The children of this faithless woman are children of prostitution, since they imitate the idolatry of their mother. God gives these children the names of Jezreel, God will disperse; Lo-rechamah, or Without mercy; and Lo-ammi, Thou art no longer my people; to show, -
1. That God was going to revenge upon the house of Jehu, king of Israel, the sins which he had committed at Jezreel, when he usurped the kingdom of the ten tribes.
2. That the Lord would treat his idolatrous and sinful people without mercy.
3. That he would reject them, and no more look upon them as his people.
Hosea is concise, sententious, and abrupt. It is his manner to omit the connexive and adversative particles; an observation which we should recollect when we observe them occasionally supplied by versions or manuscripts. These are among the causes of that obscurity for which he is remarkable: but the greatest difficulties arise from the corrupt readings which deform the printed text. He chiefly addresses Israel; but introduces frequent mention of Judah. He not only inveighs against the vices of the people, but sharply arraigns the conduct of their kings, princes, and priests.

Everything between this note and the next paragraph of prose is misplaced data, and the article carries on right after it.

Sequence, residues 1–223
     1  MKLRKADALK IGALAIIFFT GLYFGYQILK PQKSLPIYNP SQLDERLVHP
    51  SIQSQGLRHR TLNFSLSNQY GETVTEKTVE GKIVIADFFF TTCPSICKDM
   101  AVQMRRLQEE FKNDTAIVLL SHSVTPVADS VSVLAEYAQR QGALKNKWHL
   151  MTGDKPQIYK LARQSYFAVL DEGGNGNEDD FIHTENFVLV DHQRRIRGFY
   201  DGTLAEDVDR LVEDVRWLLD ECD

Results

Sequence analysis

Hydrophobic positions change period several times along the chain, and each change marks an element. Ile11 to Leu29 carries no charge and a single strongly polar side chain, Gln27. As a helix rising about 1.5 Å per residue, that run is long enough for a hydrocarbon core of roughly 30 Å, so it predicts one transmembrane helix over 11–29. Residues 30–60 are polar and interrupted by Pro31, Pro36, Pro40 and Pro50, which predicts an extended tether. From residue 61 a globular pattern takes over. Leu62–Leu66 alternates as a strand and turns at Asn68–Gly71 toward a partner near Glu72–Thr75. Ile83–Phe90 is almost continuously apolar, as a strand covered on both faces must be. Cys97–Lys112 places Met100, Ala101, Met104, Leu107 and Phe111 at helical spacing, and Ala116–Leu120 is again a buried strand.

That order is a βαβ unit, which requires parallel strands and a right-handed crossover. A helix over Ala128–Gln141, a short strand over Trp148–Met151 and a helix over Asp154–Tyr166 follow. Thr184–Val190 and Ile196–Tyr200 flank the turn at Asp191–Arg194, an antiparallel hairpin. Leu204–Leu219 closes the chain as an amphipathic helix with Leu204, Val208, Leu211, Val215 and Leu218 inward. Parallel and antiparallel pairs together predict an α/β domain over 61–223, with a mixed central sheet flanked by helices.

Like many of the Hebrew prophets, he tempers denunciations of God's vengeance against an idolatrous and vicious people, with promises of abundant mercies in store for them; and his transitions from one of these subjects to the other are rapid and unexpected. He abounds with short and lively comparisons; and, like the best Greek and Roman writers, often omits the particle of similitude. These comparisons he sometimes accumulates in the spirit of that poetry which is most admired. See Hosea 6:3-4; Hosea 9:10; Hosea 11:11; Hosea 13:3; Hosea 14:5-7. He has often a Great Force of Expression. See Hosea 1:7; Hosea 2:3, Hosea 2:18, Hosea 2:21-22; Hosea 4:2; Hosea 6:5; Hosea 11:4; Hosea 12:1. He is sometimes Highly Animated. See Hosea 4:14; Hosea 5:8; Hosea 8:1; Hosea 9:5, Hosea 9:14; Hosea 13:10, Hosea 13:14. Many Beautiful Passages occur in this prophet, as in the Similes throughout; in the Allegories, Hosea 2:2, Hosea 2:20; Hosea 7:11, Hosea 7:12, Hosea 8:7; Hosea 10:11-13; Hosea 13:15; in the Pathos, Hosea 11:3; and Hosea 11:8-9; in the Figures, Hosea 13:12; Hosea 14:2. There are also some parts which are truly Sublime, as Hosea 5:14-15; Hosea 8:7; Hosea 10:8; Hosea 13:7, Hosea 13:8.